B y T o m D a n e h y
HERE AND THERE...
The Salvation Army continues to suffer from the fallout of the Dallas Cowboys-San Francisco 49ers charity fiasco. As was reported in the dailies (in details too lengthy and convoluted to go into here), what was supposed to be an all-star gathering of famous pro football players in a gala banquet and basketball game turned into a public-relations nightmare when none of the Cowboys showed up for the banquet, prompting cries of outrage from many and incredibly tacky behavior from a few.
Everyone involved in this comes out looking nasty. It's safe to assume that the Salvation Army is blameless of everything except perhaps naiveté concerning the potential for crappy behavior among today's professional athletes.
I've known Dave Sitton, whose Enterprise Group helped put on the game, for 15 years, and he is a man of impeccable character. I have no doubt that Dave and the Salvation Army people did everything possible to make the game and banquet a success. Likewise the people from Wendy's, which sponsored the event.
That means the blame must fall on the shoulders of the NFL Alumni Charities of Arizona, the athletes themselves and the hangers-on who have the nerve to speak for them. Apparently, some Dallas-based sleazoid named Anthony Montoya misrepresented himself as being able to deliver some of the Cowboys to the banquet, and when that didn't happen, everybody just started pointing fingers.
And just to show you that there's no limit to human excess, some people are suing the Salvation Army, not only for a reimbursement for the banquet (at which the people consumed the meal) but for such things as the cost of a gown a woman bought to wear that night.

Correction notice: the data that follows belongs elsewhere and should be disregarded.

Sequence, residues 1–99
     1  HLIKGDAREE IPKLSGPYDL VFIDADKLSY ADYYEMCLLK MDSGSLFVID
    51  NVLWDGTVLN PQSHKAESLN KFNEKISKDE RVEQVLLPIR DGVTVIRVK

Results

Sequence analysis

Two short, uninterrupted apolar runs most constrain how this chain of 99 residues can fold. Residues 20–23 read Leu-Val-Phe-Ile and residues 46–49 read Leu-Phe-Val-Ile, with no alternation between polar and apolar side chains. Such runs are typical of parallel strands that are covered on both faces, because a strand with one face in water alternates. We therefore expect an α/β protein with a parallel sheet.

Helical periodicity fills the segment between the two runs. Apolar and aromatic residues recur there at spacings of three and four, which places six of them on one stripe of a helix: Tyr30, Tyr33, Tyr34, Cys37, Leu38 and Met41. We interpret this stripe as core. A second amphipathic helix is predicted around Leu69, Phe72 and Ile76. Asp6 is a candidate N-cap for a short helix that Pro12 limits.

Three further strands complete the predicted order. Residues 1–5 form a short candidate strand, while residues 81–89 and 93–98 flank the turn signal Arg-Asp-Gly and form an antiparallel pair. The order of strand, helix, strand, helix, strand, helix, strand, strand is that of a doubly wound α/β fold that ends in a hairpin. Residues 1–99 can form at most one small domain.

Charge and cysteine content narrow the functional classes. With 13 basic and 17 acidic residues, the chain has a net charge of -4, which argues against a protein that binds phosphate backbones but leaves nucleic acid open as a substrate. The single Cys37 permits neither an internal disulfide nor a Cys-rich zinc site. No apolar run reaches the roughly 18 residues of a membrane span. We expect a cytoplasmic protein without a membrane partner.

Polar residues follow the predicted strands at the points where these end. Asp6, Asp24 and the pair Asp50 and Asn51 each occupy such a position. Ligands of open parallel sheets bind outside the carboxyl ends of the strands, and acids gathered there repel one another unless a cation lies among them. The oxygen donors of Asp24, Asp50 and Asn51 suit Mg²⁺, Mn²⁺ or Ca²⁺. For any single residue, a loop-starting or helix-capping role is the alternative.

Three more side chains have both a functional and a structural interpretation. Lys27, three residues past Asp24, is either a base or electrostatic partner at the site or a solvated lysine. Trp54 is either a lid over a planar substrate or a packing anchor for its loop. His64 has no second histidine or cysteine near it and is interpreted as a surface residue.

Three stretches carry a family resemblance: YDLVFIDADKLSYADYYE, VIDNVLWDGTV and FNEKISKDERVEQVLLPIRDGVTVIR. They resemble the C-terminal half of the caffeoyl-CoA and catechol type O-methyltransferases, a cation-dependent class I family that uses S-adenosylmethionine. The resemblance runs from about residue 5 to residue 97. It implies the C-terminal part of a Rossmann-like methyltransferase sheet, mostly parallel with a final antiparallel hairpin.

I'm sorry, but that's so damn tacky, even I'm almost at a loss for words. If I were the Salvation Army, I'd pay that woman the cost of the gown, less the dry-cleaning bill necessary to remove the funk from that night's use. Then I'd insist she surrender the gown, after which I'd auction it off to an artist, who could use it in a monument to cheapness.
Gee whiz, lady, have you ever looked up the definition of charity?
Mike Bibby was in town the other night. The Phoenix Shadow Mountain High School senior-to-be, widely considered to be the best Arizona prep basketball player since Sean Elliott, was at the Salpointe Catholic High School summer league with some friends.
A few months down the road, Bibby will be back in that gym when Shadow Mountain travels to Tucson to meet the Lancers of Salpointe in what should be a matchup of two of the best prep basketball teams in the state.
Bibby has already verbally committed to the UA, despite some serious recruiting from his dad's alma mater, UCLA, and his dad's current employer, USC. It should be one of the biggest non-conference basketball games in Tucson in years.
The Houston Rockets' second consecutive NBA championship was surprising, considering they entered the playoffs as only a sixth seed. It was the second consecutive year I predicted that whichever team won the Phoenix Suns' second-round playoff series would go on to win the NBA title.
It makes me wonder whether the Suns will ever win a title. They've been in a great position to do so each of the past three years. Two years ago, they won two of three games in Chicago in the NBA Finals, but couldn't win even one game in Phoenix. Last year, the Suns won the first two games of the Rocket series in Houston, then lost the next two in Phoenix.
Then this year, they blew a 3-1 series lead and lost two of the last three games at home. Sure, the loss of Danny Manning hurt the Suns, but they had enough to win it all this year, and they failed to do so. The window of opportunity is slamming shut in a hurry.
One good thing: At least the repugnant Orlando Magic didn't win the title. That would have been hard to take, all that talkin' and struttin'.
I'm not with them.
At a press conference at the hospital where Mickey Mantle received his liver transplant, one of the doctors was asked by a reporter if the liver donor was still alive.
The doctor responded, "You're a sportswriter, aren't you?"
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